Mexico has one of the highest numbers of emigrants in the world (Martin, 2009) and Canada is one of the states with the highest per capita immigration rates globally (Léonard, 2011). Mexico and Canada are typical examples of immigrant and emigrant countries and both countries have developed policies and strategies that aim to foster civic participation among their immigrant and emigrant population respectively (Martin, 2009; Goldring, 2002; Barry, 2002; Li, 2002; Reitz, 2005; Bauder, 2011). In Canada, academic research on immigration has centred on the effect immigration policies and practices have on including and excluding immigrants from exercising citizenship rights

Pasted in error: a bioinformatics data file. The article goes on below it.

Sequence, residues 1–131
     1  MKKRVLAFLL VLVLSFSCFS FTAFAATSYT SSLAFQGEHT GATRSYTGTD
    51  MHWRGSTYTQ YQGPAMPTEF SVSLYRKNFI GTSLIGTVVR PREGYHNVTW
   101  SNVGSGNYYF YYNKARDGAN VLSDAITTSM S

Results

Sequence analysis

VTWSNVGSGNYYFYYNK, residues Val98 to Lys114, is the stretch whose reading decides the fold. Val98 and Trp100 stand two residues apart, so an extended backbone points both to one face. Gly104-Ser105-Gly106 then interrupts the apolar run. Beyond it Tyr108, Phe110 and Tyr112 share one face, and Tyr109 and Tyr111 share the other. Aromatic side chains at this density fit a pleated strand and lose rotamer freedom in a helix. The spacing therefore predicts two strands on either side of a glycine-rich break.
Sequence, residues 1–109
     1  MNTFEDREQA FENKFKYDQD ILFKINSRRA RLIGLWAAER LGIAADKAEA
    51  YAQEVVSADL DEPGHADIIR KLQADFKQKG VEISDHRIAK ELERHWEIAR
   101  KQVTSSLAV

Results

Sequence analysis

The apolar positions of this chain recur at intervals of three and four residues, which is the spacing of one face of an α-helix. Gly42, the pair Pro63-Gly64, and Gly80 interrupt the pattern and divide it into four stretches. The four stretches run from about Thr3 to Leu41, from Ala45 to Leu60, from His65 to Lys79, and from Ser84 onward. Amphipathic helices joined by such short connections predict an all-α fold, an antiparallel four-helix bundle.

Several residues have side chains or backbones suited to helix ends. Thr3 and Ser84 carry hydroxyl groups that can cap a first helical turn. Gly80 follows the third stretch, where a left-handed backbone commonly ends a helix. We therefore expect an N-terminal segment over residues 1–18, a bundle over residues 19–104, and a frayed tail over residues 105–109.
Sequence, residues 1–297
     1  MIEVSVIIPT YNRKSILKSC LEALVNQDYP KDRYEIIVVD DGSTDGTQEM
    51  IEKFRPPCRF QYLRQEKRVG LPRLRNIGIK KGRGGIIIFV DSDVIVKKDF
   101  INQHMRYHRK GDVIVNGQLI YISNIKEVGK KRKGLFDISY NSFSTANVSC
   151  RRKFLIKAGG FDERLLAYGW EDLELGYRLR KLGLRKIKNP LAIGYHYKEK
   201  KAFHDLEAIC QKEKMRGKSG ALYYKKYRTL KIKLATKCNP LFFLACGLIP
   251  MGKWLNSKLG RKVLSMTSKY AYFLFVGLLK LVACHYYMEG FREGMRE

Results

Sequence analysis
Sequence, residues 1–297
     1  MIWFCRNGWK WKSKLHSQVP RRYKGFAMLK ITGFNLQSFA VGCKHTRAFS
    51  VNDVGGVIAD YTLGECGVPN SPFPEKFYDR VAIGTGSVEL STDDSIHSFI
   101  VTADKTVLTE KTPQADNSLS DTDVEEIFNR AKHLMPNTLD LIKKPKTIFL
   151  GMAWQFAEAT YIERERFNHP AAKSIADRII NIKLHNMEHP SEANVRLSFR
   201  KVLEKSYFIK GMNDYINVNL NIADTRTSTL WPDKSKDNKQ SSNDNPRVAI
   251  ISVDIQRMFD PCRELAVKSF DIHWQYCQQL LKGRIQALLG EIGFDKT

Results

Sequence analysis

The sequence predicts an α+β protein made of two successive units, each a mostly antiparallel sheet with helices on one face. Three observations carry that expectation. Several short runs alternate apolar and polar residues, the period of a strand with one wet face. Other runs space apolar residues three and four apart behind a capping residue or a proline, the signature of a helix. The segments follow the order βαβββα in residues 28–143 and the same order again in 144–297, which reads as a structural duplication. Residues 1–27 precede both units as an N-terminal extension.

but it has tended to ignore the effect emigration policies have in the development of transnational citizenship practices, such as civic engagement, political participation, social activism, and acts of solidarity that transcend the frontiers of the nation-state. This has left important questions unanswered on how transnational citizenship is developed and exercised in a migration context including: 1) which policies and practices immigrants use to exercise transnational citizenship; 2) what is the impact of transnational citizenship practices in terms of the expansion and contraction of citizenship rights in the context of migration; 3) who is included and excluded by emigration policies promoting transnational citizen engagement; and 4) how do internal community issues, conflicts, cooperation, and solidarity affect the process of transnational enacting of citizenship? I attempt to fill this research gap by studying the effects Mexican emigration policies have on promoting transnational citizenship practices among middle class Mexican immigrants in Toronto and other cities in Ontario and by showing the avenues these immigrants use in order to participate civically with Mexico and with the Mexican diaspora in Canada.